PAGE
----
New York 'Encounter' contemplates Western culture losing its way

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Audience members at New York Encounter listen to a multimedia concert called "An Island of Peoples," with voices from Ellis Island. (Courtesy of New York Encounter)

New York — It is a kind of Catholic Woodstock without the sex and drugs, but with some rock and roll. And, unlike other Catholic gatherings, most of the thousands who attended the Feb. 15-17 series of exhibits, lectures, liturgies and various get-togethers called New York Encounter don't remember or weren't born for the original Woodstock. Still the theme remained decidedly countercultural.

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The tone was millennial — with programs on dating, space travel, art and music — focused on heavy-duty themes about where we all are in this universe and whether we are going there alone. Reflecting the baby boomer experience, there were also exhibits on singer/songwriter Bob Dylan and novelist Walker Percy.

Admission was free of charge, a rarity in today's Manhattan. Funds to pay for the annual event come from donations and corporate sponsors, an array of financial firms and a few boutique retailers, such as Marcoliani Milano socks*.

A total of more than 11,000 admissions were counted at the door, although many were repeats. Still each of the event's presentations was attended by more than 2,000 participants, who jammed a lecture hall.

Sponsored by Communion and Liberation, the Catholic renewal group, the theme this year for the 11th annual event — which attracts adherents across the U.S. as well as Italy, Spain and other countries — was "Something to Start From." The oblique reference seemed to refer to Western culture losing its way, with a need to begin anew.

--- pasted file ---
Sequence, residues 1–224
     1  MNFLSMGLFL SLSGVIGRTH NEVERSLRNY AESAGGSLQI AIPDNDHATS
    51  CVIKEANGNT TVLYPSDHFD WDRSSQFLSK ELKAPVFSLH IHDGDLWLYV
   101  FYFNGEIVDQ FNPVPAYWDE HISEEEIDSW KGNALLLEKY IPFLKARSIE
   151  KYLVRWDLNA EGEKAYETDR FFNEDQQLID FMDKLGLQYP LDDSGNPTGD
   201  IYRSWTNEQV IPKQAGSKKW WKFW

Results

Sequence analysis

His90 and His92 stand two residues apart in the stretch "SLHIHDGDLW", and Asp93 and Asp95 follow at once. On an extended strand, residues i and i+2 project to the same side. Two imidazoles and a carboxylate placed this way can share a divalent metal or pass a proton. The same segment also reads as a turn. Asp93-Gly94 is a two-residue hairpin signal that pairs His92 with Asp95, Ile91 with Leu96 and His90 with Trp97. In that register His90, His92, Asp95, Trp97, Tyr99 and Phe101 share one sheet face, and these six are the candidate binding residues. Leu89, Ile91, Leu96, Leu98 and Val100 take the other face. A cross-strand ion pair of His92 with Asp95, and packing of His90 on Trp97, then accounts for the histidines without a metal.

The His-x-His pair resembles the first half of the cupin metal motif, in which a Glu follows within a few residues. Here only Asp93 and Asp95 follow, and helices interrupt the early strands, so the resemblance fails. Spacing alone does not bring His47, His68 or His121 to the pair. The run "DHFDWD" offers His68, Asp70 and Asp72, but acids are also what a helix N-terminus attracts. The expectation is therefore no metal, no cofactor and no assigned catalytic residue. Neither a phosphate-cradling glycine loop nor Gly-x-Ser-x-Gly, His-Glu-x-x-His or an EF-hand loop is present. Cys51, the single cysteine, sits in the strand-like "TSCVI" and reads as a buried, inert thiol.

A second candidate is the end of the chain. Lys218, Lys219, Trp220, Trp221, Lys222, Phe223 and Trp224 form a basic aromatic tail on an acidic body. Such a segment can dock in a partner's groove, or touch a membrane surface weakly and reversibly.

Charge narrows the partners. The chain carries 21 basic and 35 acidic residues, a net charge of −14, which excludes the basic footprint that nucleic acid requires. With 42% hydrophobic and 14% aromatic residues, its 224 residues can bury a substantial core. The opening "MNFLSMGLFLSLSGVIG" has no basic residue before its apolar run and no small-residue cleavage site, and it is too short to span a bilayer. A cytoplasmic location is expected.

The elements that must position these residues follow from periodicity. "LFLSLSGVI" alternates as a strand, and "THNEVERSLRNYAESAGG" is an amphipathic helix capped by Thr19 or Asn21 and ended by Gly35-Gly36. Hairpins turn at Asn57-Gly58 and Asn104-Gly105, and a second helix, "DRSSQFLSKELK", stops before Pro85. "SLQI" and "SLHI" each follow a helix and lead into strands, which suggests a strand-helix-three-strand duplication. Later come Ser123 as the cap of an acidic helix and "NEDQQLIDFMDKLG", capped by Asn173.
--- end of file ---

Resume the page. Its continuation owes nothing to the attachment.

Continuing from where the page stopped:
Communion and Liberation, also known by its Italian name, Comunione e Liberazione, was started by Fr. Luigi Giussani in Milan in 1954. Its focus has been on attracting Catholic university students in fellowship, with most of its work in Europe, where it has extensive real estate holdings.

Each presentation at the New York Encounter began with a video of a young woman seemingly lost in the forest, a metaphor for a society, speakers said, that has lost its way in an onslaught of individualism.

"Our society does a poor job of talking about the heart and soul," David Brooks, New York Times columnist and PBS NewsHour contributor, told one program. If modern society is a technological marvel and a bonanza of material success for many, it remains lacking in meeting deeper yearnings, speakers warned.

Brooks took a look at college commencement speeches to emphasize the point. "We say to be open, to be free," he described the point of such speeches, describing life as an endless series of possibilities to embrace. Yet graduates soon discover it is ultimately an empty promise.

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New York Times columnist David Brooks was interviewed about individualism at one of the programs. (Courtesy of New York Encounter)

Brooks, 57, said the issue of individualism trumping all is not simply a millennial issue. In a personally candid talk in front of a few thousand, the New York Times writer — hired, he said, as a conservative voice at the liberal Times, akin to serving as a rabbi in Mecca — Brooks described himself as struggling with the meaning of personal achievement.